Sexual Fetish and Paraphilia
Fetish: “An object of unreasonably excessive attention or reverence: made a fetish of punctuality. Something, such as a material object or a nonsexual part of the body, that arouses sexual desire and may become necessary for sexual gratification.”
Paraphilia: “Any of a group of psychosexual disorders characterized by sexual fantasies, feelings, or activities involving a nonhuman object, a nonconsenting partner such as a child, or pain or humiliation of oneself or one’s partner. Also called sexual deviation.”
Sexual fetishes are various and can range from everything such as simple leather and bondage through to rubber chickens. Whilst fetishes used to be considered wholly deviant, some fetishes have taken on a social and even commercial acceptability with fetish items sold openly in high street shops such as Anne Summers without raising too many eyebrows.
Bondage, domination, submission and masochism have taken on a more acceptable form, with many clubs such as Torture Garden holding public events, and body modification/piercing has taken on its own subcultural ethic. With increasing normalisation, some participants do not even consider these things to even be a fetish.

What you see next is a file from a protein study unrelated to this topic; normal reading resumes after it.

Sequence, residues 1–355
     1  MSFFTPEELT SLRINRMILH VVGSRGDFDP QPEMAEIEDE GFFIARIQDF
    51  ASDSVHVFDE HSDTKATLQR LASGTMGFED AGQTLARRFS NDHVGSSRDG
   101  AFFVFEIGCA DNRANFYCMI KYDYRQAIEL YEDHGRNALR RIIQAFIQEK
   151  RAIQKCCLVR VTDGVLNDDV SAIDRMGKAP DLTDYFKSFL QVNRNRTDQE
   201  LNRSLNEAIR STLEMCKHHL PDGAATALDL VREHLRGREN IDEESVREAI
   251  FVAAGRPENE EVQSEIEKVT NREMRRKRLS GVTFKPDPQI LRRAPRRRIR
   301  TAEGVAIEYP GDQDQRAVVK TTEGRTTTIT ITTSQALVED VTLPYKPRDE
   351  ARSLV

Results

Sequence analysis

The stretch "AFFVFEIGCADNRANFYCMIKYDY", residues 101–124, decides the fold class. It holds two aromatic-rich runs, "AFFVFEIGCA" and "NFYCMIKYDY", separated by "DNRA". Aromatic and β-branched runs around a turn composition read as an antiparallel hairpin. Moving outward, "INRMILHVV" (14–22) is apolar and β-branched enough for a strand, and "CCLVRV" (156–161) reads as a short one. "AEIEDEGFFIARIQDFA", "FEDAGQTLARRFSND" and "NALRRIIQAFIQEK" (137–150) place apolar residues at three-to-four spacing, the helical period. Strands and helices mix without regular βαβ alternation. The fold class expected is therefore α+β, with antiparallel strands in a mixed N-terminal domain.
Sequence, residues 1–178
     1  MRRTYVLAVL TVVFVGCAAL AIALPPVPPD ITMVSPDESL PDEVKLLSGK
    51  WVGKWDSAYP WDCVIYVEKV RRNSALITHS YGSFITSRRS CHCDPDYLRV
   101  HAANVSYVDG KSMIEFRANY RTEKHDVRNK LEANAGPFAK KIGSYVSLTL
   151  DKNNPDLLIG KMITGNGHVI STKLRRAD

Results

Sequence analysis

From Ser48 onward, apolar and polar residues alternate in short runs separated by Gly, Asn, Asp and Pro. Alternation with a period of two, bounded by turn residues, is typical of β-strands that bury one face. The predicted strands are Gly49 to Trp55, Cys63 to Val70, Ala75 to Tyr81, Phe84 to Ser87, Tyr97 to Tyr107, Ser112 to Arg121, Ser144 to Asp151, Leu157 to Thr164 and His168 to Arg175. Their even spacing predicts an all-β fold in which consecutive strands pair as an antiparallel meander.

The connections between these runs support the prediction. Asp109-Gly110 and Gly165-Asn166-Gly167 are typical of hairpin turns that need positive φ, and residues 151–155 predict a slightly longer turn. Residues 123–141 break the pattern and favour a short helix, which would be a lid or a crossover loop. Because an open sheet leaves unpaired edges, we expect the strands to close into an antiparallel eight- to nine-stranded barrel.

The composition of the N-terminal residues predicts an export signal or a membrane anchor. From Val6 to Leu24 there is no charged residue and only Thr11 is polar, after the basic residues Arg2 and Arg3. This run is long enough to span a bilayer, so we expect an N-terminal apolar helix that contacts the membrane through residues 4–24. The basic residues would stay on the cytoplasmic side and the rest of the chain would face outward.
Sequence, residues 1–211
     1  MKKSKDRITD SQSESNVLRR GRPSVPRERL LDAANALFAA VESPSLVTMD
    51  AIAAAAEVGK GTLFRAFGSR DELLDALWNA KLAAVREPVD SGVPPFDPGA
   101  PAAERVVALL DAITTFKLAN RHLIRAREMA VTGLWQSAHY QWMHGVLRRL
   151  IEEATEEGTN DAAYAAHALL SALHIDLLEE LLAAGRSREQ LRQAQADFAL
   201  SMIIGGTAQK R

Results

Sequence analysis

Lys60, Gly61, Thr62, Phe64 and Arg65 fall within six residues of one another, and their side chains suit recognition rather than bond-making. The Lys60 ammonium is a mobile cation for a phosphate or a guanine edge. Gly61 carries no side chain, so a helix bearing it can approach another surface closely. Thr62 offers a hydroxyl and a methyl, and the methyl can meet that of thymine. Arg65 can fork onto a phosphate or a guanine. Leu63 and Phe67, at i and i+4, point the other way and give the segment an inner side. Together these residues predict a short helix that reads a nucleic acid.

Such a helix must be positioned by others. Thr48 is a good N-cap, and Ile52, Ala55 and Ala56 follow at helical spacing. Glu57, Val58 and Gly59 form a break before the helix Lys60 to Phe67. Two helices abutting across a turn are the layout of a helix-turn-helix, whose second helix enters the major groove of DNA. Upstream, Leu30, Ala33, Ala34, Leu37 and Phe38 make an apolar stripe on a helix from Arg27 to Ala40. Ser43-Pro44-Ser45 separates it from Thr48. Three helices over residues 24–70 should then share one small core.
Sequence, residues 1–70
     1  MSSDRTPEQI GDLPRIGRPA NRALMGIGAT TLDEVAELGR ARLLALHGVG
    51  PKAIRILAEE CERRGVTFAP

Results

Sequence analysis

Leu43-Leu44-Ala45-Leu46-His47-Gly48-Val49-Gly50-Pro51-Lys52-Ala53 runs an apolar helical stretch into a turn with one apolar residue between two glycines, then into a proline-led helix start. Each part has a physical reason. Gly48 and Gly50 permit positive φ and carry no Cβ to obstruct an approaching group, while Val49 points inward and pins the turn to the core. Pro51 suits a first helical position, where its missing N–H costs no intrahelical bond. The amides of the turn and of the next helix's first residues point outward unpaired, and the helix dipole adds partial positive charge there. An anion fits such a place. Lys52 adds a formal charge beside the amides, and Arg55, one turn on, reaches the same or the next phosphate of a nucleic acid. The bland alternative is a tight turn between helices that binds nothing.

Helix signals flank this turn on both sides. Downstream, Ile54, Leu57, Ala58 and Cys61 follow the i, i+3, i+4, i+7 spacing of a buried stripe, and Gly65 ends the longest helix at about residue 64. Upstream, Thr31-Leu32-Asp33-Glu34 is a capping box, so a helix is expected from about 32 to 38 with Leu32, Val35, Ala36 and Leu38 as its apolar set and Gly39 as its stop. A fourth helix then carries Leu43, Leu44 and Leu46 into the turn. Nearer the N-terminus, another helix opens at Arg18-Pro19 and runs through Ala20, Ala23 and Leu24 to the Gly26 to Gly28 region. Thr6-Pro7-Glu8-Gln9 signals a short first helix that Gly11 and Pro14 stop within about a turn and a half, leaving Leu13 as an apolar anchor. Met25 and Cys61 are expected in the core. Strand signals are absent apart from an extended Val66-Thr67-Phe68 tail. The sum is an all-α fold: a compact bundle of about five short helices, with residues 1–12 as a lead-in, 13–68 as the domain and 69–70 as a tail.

Psychological explanations for fetishes involve “imprinting” – in that at critical times of development, the child is exposed to certain stimuli which coincide with sexual imprinting.
A fetish is not a choice, but rather it exists as a neurological imprint.
Now, most people enjoy their fetishes and these can be a minor part of sex play, with or without a partner. However, some fetishes can become problematic depending on their acceptability, legality and moral implications. Some are problematic in that the person does not wish to have them.
Some examples of fetishes and paraphilias I have treated include an obsession with dogs penises, cross-dressing, “flashing”, obsession with rape imagery and stories, lizards (!) and auto-erotic asphyxiation.